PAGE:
By Richard Knox
The rocketing cost of prescription drugs garners almost daily attention lately. Polls say it’s high on the list of Americans’ health care worries; presidential candidates are calling for sweeping reform; a storm erupts when one company jacks up the price of an HIV drug by 5,000 percent.
And now, research reveals the yawning gap between the price of widely used cancer drugs and their actual cost.
The true cost — what drug makers have to spend to get those pills to your local pharmacy — is made up of the active ingredient and other chemicals, their formulation into a pill, packaging, shipping and a profit margin.
British researchers, in a report to be delivered this weekend at a European cancer conference, say the price of five common cancer drugs is more than 600 times higher than they cost to make.
For instance, the analysis figures the true cost of a year’s supply of Gleevec (generic name imatinib), used to treat certain kinds of leukemia, at $159.
“This is a ginned-up pricing structure that isn’t a product of careful analysis. It’s not a bunch of guys in green eye-shades but a bit of dart-throwing and chutzpah.”
But the yearly price tag for Gleevec is $106,322 in the U.S. and $31,867 in the U.K. A generic version costs about $8,000 in Brazil.
“We were quite surprised just how cheap a lot of these cancer drugs really are,” pharmacologist Andrew Hill of the University of Liverpool said in an interview. “There’s a lot of scope for prices to come down.”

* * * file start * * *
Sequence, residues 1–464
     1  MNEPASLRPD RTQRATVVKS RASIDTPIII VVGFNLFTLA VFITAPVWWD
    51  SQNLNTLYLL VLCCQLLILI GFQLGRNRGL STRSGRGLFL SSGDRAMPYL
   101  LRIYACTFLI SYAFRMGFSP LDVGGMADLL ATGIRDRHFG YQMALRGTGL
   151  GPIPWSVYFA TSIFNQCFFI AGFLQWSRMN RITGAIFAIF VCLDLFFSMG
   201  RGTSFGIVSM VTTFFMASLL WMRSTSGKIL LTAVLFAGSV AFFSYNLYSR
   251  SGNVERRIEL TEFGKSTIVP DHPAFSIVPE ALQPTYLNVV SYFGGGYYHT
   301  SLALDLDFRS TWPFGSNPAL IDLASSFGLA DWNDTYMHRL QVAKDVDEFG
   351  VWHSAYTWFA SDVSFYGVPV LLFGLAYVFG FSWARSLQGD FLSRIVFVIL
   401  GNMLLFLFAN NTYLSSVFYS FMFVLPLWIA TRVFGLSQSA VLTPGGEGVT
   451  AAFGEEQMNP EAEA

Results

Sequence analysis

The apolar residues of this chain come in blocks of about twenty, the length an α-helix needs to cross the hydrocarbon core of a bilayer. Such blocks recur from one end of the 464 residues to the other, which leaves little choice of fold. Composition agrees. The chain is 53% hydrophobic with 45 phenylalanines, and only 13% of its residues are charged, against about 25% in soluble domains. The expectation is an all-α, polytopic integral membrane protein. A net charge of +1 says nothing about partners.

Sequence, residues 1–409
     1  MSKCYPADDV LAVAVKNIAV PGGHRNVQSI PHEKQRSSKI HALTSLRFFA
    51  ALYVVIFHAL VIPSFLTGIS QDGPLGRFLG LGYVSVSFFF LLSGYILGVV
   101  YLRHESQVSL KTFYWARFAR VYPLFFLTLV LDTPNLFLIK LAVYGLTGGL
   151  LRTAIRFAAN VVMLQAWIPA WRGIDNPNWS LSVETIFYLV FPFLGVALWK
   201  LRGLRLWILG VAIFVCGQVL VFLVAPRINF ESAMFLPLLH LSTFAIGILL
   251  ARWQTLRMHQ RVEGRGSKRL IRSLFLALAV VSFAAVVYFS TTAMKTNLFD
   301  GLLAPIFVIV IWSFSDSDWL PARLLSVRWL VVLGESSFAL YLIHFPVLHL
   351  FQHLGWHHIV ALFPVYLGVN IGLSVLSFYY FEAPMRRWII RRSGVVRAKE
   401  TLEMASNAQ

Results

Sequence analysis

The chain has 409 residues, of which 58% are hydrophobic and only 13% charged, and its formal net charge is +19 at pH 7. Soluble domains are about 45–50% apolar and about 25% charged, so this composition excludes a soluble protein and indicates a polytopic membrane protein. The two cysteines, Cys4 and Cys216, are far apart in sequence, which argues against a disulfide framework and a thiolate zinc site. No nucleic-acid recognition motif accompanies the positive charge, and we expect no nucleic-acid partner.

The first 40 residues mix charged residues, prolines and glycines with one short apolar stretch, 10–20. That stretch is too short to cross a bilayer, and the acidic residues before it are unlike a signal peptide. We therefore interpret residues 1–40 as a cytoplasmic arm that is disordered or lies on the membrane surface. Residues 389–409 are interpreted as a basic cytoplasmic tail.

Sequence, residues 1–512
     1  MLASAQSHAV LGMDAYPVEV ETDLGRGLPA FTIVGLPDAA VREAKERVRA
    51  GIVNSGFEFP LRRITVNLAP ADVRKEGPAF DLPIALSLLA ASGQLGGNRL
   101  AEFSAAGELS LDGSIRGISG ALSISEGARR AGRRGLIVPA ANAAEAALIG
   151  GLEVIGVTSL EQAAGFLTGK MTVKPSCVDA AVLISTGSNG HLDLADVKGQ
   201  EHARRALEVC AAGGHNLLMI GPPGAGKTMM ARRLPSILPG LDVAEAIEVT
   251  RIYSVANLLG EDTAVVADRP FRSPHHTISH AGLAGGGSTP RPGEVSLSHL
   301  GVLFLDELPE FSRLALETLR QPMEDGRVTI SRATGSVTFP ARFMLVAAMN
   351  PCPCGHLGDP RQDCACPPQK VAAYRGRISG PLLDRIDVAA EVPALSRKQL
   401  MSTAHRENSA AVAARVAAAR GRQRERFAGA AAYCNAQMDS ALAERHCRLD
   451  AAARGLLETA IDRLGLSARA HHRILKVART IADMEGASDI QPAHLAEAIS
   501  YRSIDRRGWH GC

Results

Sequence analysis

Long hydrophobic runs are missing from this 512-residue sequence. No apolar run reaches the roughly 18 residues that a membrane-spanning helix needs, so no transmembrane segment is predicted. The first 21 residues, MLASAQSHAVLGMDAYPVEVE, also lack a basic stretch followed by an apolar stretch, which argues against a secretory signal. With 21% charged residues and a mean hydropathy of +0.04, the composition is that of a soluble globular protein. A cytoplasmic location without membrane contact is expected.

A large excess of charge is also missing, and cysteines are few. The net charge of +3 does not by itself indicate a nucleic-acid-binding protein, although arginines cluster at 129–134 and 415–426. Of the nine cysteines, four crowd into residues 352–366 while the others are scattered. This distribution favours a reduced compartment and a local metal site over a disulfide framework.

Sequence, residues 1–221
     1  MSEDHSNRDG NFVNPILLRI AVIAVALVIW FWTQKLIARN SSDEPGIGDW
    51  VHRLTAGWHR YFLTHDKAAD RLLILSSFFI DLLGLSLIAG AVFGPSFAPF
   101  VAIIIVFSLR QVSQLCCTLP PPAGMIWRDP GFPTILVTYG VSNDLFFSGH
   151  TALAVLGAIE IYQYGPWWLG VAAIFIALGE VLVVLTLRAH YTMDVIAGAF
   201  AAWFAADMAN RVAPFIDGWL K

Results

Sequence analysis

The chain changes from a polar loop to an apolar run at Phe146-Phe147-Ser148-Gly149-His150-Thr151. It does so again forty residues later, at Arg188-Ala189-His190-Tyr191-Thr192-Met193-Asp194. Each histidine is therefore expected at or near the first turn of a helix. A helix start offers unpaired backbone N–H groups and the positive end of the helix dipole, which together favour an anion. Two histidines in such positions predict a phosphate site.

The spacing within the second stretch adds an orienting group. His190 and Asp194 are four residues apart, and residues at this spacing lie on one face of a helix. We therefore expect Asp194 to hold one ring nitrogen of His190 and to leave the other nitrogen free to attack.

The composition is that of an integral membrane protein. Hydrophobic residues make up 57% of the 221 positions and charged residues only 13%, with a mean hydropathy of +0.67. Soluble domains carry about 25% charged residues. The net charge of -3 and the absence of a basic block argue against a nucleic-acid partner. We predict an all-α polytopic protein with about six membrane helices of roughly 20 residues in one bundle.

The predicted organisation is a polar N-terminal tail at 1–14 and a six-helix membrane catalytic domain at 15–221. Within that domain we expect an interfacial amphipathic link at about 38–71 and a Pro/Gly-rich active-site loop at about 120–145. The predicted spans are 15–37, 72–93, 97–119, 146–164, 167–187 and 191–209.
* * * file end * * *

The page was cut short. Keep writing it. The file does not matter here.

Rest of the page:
Hill’s team got the ingredient costs from a public data base called IndiaInfoDrive.com. The Liverpool group did the same analysis for four other drugs in the same class, called tyrosine kinase inhibitors, or TKIs. They’re used to treat lung, breast, liver, pancreas and thyroid cancer as well as leukemias. Their names are Tarceva (erlotinib), Nexavar (sorafenib), Tykerb (lapatinib) and Sprycel (dasatinib).
The true yearly cost of these four drugs ranges from $236 for Tarceva to $4,022 for Tykerb. But their U.S. sticker prices range from $78,797 to $135,679.
The analysis has implications beyond the United States. Hill says more than a million cancer patients around the world meet criteria for taking the five TKI pills. “Very few of them are being treated now,” he says, because the drugs are so expensive.
A 100-Fold Rise
And the implications stretch way beyond these specific cancer drugs. Overall prices for cancer medications have been going up at a fast clip. Dr. Peter B. Bach of Memorial Sloan Kettering Cancer Center in New York has documented a nearly 100-fold increase in cancer drug prices since 1965 after adjusting for inflation.
“The rate of rise exceeds the rise in benefits from these drugs,” Bach says. “This is a ginned-up pricing structure that isn’t a product of careful analysis. It’s not a bunch of guys in green eye-shades but a bit of dart-throwing and chutzpah. And if there’s a critical Op Ed piece or a Twitter avalanche [in response to a high price] they’ll lower it.” Continue reading